One wall will be devoted to a permanent, commissioned piece of art — in Wicker Park it will be a still-to-come mosaic by pothole-filler extraordinaire Jim Bachor — and another will be given over to a rotating display of work by local artists.

Prints will be available for sale in-store as well as online, even after they're no longer on exhibit, providing a potential steady stream of income for artists.

One wall in every Pork & Mindy's will be devoted to a rotating display of art. [DNAinfo/Patty Wetli]

"We're creating a platform for the artistic community to grow," Kaplan said.

Though Pork & Mindy's isn't necessarily set up for live music, local DJs and musicians are being asked to submit playlists, which will loop over the restaurant's sound system. Bands are also being recruited to record "back of the house" concert sessions — sometimes in the Pork & Mindy's kitchen — which people can listen to or watch in-store and online.

Jude Shuma recorded one of the first Pork & Mindy's back-of-the-house sessions. [Facebook/Pork & Mindy's]

Origin Story

Though this all sounds quite ambitious, Mauro said it's a "cakewalk" compared with the 10-plus years he spent cobbling together gigs as a cook, comedian and musician before hitting it big in 2011 as the winner of the seventh season of "Food Network Star."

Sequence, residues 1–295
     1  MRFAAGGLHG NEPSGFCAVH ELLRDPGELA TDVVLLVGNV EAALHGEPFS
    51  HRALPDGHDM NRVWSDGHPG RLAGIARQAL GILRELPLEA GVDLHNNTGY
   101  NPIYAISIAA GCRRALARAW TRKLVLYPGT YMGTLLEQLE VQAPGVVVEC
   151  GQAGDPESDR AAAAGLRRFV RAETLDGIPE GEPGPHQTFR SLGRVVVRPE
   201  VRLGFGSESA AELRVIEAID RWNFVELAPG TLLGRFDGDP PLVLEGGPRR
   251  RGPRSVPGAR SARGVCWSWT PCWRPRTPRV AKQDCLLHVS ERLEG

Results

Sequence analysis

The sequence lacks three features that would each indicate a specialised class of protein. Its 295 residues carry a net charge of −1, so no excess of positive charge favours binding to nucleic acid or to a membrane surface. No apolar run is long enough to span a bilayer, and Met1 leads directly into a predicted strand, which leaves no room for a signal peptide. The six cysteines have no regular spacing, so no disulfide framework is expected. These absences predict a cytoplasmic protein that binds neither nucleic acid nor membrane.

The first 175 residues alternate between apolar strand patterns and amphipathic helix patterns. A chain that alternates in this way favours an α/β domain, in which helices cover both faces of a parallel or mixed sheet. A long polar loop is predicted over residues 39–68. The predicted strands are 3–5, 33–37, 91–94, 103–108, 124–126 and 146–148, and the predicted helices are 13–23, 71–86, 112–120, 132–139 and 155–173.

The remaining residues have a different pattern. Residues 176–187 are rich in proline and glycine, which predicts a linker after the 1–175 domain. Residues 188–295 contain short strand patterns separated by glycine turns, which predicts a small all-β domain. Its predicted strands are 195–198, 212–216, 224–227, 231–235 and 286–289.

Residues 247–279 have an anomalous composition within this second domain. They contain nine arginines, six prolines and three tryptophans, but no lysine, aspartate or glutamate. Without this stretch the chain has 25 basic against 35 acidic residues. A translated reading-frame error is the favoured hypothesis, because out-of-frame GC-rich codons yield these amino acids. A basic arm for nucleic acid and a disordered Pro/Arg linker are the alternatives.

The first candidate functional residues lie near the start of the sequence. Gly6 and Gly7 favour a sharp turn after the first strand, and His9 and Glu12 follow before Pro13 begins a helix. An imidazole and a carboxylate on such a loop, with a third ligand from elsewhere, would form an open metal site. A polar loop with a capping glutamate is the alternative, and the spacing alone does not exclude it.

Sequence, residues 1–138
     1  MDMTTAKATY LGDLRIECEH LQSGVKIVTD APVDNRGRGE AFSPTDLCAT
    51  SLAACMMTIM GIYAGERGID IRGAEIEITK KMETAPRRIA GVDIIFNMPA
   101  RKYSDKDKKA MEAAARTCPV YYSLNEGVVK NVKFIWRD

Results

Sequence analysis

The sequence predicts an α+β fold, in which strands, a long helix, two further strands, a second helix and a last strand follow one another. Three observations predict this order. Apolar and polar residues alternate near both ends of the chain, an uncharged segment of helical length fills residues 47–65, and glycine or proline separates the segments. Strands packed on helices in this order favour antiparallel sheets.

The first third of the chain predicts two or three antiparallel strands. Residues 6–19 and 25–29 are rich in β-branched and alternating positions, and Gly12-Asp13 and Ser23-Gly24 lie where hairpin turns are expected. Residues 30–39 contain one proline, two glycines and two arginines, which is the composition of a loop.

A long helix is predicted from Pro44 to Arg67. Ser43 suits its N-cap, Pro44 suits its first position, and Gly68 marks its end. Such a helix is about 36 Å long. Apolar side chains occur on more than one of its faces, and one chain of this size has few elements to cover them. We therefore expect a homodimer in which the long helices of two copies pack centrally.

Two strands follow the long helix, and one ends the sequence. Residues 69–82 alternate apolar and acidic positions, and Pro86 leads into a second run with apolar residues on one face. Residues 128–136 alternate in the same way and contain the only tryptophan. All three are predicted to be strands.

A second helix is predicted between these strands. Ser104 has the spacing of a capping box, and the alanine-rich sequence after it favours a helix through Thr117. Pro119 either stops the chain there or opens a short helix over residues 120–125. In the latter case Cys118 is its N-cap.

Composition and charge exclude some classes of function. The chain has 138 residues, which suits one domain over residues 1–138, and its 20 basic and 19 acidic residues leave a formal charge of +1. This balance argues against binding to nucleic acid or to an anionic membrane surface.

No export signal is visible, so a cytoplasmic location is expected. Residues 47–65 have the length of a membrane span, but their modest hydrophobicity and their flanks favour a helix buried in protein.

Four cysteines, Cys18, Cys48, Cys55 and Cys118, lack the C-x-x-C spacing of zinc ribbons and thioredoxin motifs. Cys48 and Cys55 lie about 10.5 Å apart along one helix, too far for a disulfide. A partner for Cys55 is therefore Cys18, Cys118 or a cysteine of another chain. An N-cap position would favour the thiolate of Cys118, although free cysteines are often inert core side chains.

"I hustled to get this job as a food personality for 14 years before it happened ... and I've been juggling an insane schedule for the last five years," said Mauro. "This is so much easier. We're not open til two in the morning. I can go home at night and tuck my kid in and take him to school in the morning."

After receiving, and rejecting, any number of pitches from people looking to capitalize on his television fame, Mauro bit on Corsello's idea for Pork & Mindy's, because he knew Corsello had the chops to handle the business side of things.

"He sent me this email and it was like a 42-page document" full of charts and analytics, Mauro recalled.

"I knew I could stay in my lane and create food and not worry about door knobs or amortization. I don't even know what amortization means," he said.

Credited by his partner as the brains of the operation, Corsello directs the company's vision "from 50,000 feet," lines up things like supply chains and not so coincidentally found the storefront for the second Pork & Mindy's, coming this spring.

Stealing their own buzz

Pork & Mindy's in Wicker Park, one of Chicago's most buzzed about restaurant openings of 2016, had yet to make its debut when Corsello and Mauro announced they would be expanding to 4359 W. Irving Park Road in the spring.

And suddenly all anybody wanted to talk about was Irving Park.

"We wrapped the windows [in Irving Park] two weeks ago and it blew up," said Mauro. "That neighborhood is a sponge ... they need something there."

The Irving Park storefront became available when the previous tenant — Corsello, as it turns out — decided to consolidate his pair of Get A Grip Cycles shops into a single West Loop location.

"I wanted to scale back to build this business with Jeff," he explained. "I talked to the landlord and he loved the idea. He came here a couple of nights ago and asked, 'Can we do it faster?'"

The menu board at Pork & Mindy's. [DNAinfo/Patty Wetli]

Ice cream treats are also on the menu. [DNAinfo/Patty Wetli]